[The original has not been located. This was published in The Literary Gazette, no. 1256, 13 February 1841, p. 108.]
CALOTYPE (PHOTOGENIC) DRAWING
To the Editor of the Literary Gazette
Dear Sir, -
It is now two years since I first published a brief account of Photogenic Drawing.* <1> During this interval I have taken much pains, and made many experiments, with the hope of rendering the art more perfect and useful. In this way I have obtained a good many improvements, with the mention of which I shall not detain you at present.
I shall confine myself in this letter to a single subject, viz. the discovery which I made last September of a chemical process by which paper may be made far more sensitive to light than by any means hitherto known. It is not easy to estimate exactly how far this increase of sensibility extends; but certainly a much better picture can now be obtained in a minute than by the former process in an hour.
This increased rapidity is accompanied with an increased sharpness and distinctness in the outlines of the objects, - an effect which is very advantageous and pleasing, and at the same time rather difficult to account for.
The shortest time in which I have yet succeeded in impressing an image in the camera obscura has been eight seconds; but I do not mean to assign this as the precise limit, for it can only be ascertained by more careful and multiplied experiments.
The production of the image is accompanied with some very extraordinary circumstances, to which I will advert in a subsequent letter. These phenomena are extremely curious, and I have not found in chemical writers any mention of any thing similar.
The image, when obtained, must, of course, be fixed, otherwise the process would remain imperfect. It might be supposed, à priori, that this fixation would be very difficult, the paper being so sensitive. But it fortunately happens that, in this instance, what seems a reasonable inference is not borne out by fact, the new photographs being more easily and perfectly fixed than was the case with the former ones. When fixed, a great many copies may be made from them; and thus the original view can be multiplied with facility.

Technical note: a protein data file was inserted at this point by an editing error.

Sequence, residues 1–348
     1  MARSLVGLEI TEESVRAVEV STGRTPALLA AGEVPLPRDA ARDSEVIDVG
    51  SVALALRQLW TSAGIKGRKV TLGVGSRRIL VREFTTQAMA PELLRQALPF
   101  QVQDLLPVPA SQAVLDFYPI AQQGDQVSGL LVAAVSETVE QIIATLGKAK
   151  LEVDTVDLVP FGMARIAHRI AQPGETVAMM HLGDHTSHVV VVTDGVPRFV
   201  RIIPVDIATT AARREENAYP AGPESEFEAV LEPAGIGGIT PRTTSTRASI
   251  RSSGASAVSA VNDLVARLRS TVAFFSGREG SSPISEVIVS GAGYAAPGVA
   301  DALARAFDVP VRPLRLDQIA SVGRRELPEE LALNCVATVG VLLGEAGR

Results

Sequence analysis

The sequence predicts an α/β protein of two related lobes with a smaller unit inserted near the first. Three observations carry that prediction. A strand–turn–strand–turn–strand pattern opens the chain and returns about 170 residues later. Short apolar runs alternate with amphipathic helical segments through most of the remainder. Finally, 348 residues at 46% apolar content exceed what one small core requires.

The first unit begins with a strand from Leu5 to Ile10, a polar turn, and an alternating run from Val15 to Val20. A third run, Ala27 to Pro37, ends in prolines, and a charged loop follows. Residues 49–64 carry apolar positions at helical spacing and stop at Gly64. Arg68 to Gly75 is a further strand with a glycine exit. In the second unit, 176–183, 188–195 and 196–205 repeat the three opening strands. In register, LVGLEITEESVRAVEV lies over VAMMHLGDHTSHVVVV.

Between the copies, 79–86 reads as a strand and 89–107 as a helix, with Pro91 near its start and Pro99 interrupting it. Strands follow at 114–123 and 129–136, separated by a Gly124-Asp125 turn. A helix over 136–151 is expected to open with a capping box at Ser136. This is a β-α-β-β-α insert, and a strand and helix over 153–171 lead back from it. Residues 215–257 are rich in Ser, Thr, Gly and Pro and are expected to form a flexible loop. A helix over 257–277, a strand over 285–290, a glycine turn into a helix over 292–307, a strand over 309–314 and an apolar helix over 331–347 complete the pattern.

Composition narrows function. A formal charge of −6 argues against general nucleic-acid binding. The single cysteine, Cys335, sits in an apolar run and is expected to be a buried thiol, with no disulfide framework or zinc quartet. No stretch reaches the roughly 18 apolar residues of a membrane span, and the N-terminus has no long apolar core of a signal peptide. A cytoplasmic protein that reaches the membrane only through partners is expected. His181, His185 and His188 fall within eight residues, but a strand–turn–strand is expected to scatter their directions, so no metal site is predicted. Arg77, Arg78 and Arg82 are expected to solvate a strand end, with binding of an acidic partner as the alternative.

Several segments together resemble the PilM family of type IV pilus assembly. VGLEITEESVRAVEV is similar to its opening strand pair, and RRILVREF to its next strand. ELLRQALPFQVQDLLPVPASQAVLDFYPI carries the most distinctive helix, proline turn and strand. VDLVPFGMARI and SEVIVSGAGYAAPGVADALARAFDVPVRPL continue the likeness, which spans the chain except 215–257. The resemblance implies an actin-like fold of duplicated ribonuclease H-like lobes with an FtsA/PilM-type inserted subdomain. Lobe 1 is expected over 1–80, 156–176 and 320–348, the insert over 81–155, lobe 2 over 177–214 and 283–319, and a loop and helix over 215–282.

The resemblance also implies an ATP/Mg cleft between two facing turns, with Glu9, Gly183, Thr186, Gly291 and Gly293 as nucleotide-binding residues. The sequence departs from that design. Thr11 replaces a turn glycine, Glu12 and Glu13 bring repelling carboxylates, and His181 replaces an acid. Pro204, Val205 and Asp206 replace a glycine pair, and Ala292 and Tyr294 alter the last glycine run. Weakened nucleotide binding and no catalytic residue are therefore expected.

I think that the art has now reached a point which is likely to make it extensively useful. How many travellers are almost ignorant of drawing, and either attempt nothing, or bring home rude unintelligible sketches ! They may now fill their portfolios with accurate views, without much expenditure of time or trouble; and even the accomplished artist will call in sometimes this auxiliary aid, when pressed for time in sketching a building or a landscape, or when wearied with the multiplicity of its minute details.
One of the most important applications of the new process, and most likely to prove generally interesting, is, undoubtedly, the taking of portraits. I made trial of it last October, and found that the experiment readily succeeded. Half a minute appeared to be sufficient in sunshine, and four or five minutes when a person was seated in the shade, but in the open air. After a few portraits <2> had been made, enough to show that it could be done without difficulty, the experiments were adjourned to a more favourable season.
Several photographic processes being now known, which are materially different from each other, I consider it to be absolutely necessary to distinguish them by different names, in the same way that we distinguish different styles of painting or engraving. Photographs executed on a silver plate have received, and will no doubt retain, the name of Daguerréotype. The new kind of photographs, which are the subject of this letter, I propose to distinguish by the name of Calotype; a term which, I hope, when the become known, will not be found to have been misapplied.
I remember it was said by many persons, at the time when photogenic drawing was first spoken of, that it was likely to prove injurious to art, as substituting mere mechanical labour in lieu of talent and experience. Now, so far from this being the case, I find that in this, as in most other things, there is ample room for the exercise of skill and judgment. It would hardly be believed he different an effect is produced by a longer or shorter exposure to the light, and, also, by mere variations in the fixing process, by means of which almost any tint, cold or warm, may be thrown over the picture, and the effect of bright or gloomy weather may be imitated at pleasure. All this falls within the artist's province to combine and to regulate; and if, in the course of these manipulations, he, nolens volens <3>, becomes a chemist and an optician, I feel confident that such an alliance of science with art will prove conducive to the improvement of both.
I remain, yours, &c.
H. F. Talbot.
31, Sackville Street, <4>
February 5, 1841.
*See Literary Gazette of that period, in which we exposed foreign pretensions and established just rights and British claims. - Ed. L.G.
1. WHFT, Some Account of the Art of Photogenic Drawing, or the Process by which Natural Objects may be made to Delineate Themselves without the Aid of the Artist's pencil. Read before the Royal Society, January 31, 1839 (London: R & J E Taylor, 1839).
2. For an example of this see, 'Constance Talbot', Schaaf 2503, reproduced in Larry J. Schaaf, The Photographic Art of William Henry Fox Talbot (Princeton: Princeton University Press, 2000), p. 96.
3. Whether willing or not.
4. London residence of the Feildings, often used as a London base by WHFT.